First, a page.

The COVID-19 pandemic has increased the demand for virtual and remote collaboration, and Microsoft has a solution that may serve as the catalyst for more such apps for augmented and virtual reality in the near future.
During the keynote for the company’s virtual Ignite event on Tuesday, Microsoft CEO Satya Nadella and technical fellow Alex Kipman unveiled Microsoft Mesh, a mixed reality platform that leverages the Azure cloud platform to facilitate shared collaborative experiences between remote participants via HoloLens 2 and other devices.
When it actually arrives in the coming months, Mesh will provide developers with tools for building avatars, session management, spatial rendering, synchronization of participants, and live volumetric video (or holoportation) for collaborative apps.
Among the first experiences from Mesh is a preview app for HoloLens and a new version of AltspaceVR for virtual meetings. Developers interested in getting involved early can sign up via the Mesh webpage for updates.
“This has been the dream for mixed reality, the idea from the very beginning,” said Kipman in a statement. “You can actually feel like you’re in the same place with someone sharing content or you can teleport from different mixed reality devices and be present with people even when you’re not physically together.”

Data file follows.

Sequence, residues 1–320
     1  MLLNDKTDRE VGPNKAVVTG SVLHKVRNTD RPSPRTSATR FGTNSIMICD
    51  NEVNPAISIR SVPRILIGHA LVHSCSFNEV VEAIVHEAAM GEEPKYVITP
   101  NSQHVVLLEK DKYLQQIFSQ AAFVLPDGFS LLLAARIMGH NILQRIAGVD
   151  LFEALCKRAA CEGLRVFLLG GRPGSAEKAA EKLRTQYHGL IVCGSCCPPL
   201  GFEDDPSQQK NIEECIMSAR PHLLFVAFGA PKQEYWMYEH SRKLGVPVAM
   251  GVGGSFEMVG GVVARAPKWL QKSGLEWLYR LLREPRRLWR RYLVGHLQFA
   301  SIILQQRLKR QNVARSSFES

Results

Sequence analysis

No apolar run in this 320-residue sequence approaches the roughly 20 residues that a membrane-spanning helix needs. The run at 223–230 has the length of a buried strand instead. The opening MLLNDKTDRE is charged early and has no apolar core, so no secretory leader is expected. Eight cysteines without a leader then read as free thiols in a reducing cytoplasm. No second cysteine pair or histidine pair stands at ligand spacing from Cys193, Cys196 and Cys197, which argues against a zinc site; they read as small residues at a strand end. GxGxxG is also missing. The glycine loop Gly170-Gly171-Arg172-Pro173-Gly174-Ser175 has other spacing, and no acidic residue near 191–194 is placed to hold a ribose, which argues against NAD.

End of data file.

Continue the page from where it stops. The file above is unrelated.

In addition, Microsoft gave its audience a preview of future proof of concepts that push the boundaries of gaming and media. This included an appearance from Niantic CEO John Hanke to announce a partnership between the two companies and share a proof of concept of Pokemon GO for HoloLens.
In one example, Hanke interacted with a wrist-anchored virtual display to release Pikachu into the physical environment, greet the character, and feed him a berry. Hanke’s segment ended with a tease of how players can battle each other with virtual pocket monsters via HoloLens.
“For our part, we’re committed to leveraging and expanding our platform to build real-world AR experiences for as many devices as possible and reaching a diverse set of players no matter their physical location. This includes building with others that share a common vision for how technology can facilitate deeper social connection and spark a sense of adventure in the real world,” said Hanke in a blog post.
Other guests included filmmaker James Cameron and Cirque du Soleil co-founder Guy Laliberté, with the latter previewing a social AR platform called Hanai World, developed through his startup, Lune Rouge, that imagines a mix of live and digital experiences for events using Microsoft Mesh.
While apps like Spatial cover similar ground, Mesh acts like a ARKit/ARCore for virtual collaboration apps, meaning that the platform has the potential to usher in a new era of AR apps.